I wrote this post about my miscarriage on December 7th, for Small Fry last month but am trying to keep the best record of life here as I can, still as well, so wanted to move it over and add some more details. First of all, my boys were so wonderful. Of course Russ included. The handful of people knew that I was pregnant were so supportive and excited for me. It felt as real as any pregnancy. There were some sacred and special moments where I felt someone was nearby looking over me, wanting to join us, but knowing that they needed to wait, that the body they'd be joining wasn't right. Maybe another boy, that I think of often.
My doctors weren't sure if I was miscarrying or if we just had my due date really, really, wrong so there was a full week of blood tests and going back and forth to appointments. It was a roller coaster. The first appointment they couldn't find a heart beat, which at 8 weeks isn't totally uncommon, but more importantly, the sac looked absolutely empty. They thought maybe I was only 4 weeks so they ordered HCG tests. (I had a positive pregnancy test at 5 weeks, so I was totally skeptical, but after a blessing from Russ saying something to the effect of "Your faith will determine how this goes" trying to be faith-filled. Got my HCG test back and the levels were super high. Like either I was carrying 4 week gestational twins, or my body was still pumping HCG into this Blighted Ovum. They had me do the test again the next day, only 6,000 units higher (instead of doubling every 48 hours like it should.) And then again in 48 hours only 1,000 higher. Basically they tested me right as my body started to taper the hormones off. Then we had to determine what to do: D&C, let it figure itself out, or take Cytotec to induce labor/miscarriage. I opted for Cytotec. I laid in bed for a whole day and was lucky that the event wasn't too uncomfortable. I feel really, really grateful that it was Blighted Ovum. That there wasn't a body to mourn. It was just a genetic precaution, and something that happens all the time whether we know it or not. I'm glad I was gently let down in that way.
Here's the boys at one of several trips to the hospital that week, so sweet:
and the post I wrote:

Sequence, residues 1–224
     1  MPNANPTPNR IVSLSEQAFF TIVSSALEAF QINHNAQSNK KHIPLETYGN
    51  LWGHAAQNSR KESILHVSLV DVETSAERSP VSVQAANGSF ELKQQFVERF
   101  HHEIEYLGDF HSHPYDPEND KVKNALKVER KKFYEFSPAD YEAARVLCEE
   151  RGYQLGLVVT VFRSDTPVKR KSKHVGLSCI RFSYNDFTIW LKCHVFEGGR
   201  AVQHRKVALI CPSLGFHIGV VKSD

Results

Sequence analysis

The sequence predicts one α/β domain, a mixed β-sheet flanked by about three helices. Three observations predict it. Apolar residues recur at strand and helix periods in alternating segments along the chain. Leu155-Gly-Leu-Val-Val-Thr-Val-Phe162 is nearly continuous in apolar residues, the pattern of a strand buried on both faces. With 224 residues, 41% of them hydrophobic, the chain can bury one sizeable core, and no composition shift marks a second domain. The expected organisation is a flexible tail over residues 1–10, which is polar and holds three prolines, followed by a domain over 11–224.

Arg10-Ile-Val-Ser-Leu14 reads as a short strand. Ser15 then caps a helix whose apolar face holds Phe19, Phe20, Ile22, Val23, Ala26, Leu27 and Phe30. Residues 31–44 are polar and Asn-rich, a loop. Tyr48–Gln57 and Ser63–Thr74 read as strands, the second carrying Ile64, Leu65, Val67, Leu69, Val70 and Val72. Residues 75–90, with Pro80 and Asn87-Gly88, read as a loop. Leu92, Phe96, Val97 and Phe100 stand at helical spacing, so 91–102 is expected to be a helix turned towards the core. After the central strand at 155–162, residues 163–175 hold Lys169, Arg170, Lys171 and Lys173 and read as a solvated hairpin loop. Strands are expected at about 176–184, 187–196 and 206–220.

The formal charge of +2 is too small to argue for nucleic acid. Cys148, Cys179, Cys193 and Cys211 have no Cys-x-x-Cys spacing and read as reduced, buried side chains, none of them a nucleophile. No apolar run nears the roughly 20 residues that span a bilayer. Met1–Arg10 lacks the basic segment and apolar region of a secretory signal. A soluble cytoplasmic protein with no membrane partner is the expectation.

Earlier this month I found myself staring at a big screen TV's image of my empty womb. "Where is the baby?" I trembled, expecting to hear that horse galloping heartbeat and a tiny adored bean. I went to my 9 week appointment solo, as I insisted, because I avoid being high maintenance at all costs, and assured my husband that he was more needed getting our boys dressed and fed at home (instant regret on that one.) As the OBGYN and Midwife talked at me of next steps, possibilities, statistics, its-not-your-faults, my mind drifted off. My thoughts were dark and treacherous, and then in an instant shards of light broke through. Like those montages in movies, a slideshow of events shuffled in front of my eyes. While someone, I believe to be a loving Heavenly Father, whispered to me, "I could not protect you from this, but Emily, look at your life." My little family's happy and healthy smiles, our able bodies working hard toward learning, goals and dreams. I had taken for granted something so basic yet critical as my family's health and safety for the past several years. Families all over the world fight for the things I rarely gave a second thought to. I was instantly filled to the brim with gratitude. I stifled back sobs not just for this empty sac, a Blighted Ovum, but for the miracle that two healthy children, ages 3 and 4, truly represents. I can't conjure up a memory where I have felt more loved or protected than at that moment in the most unexpected of situations. It didn't always stay with me through the long weeks since, even walking from the exam room to the elevator felt bitter and lonely. Happy framed pictures of women with bulging bellies seemed to be mocking me with every step. That day I joined the quiet ranks of women, who 30% of the time they try, have to mourn the loss of what and who might have been. It scooped out another level of compassion and understanding that I could not arrive at any other way and will Take It With Me into 2015. So now, saying see ya later! to a roller coaster of a year, there is definitely One Thing I'm Leaving. And that is the complacency I settled into that life is anything other than a wonderful miracle. An adventure I am so fortunate to be able seize every day. Living in a place with the freedom to do and say what I feel, to spend my time at home, to share my ideas with you, to feel safe in my own skin, is a luxury that I don't want to take for granted in 2015.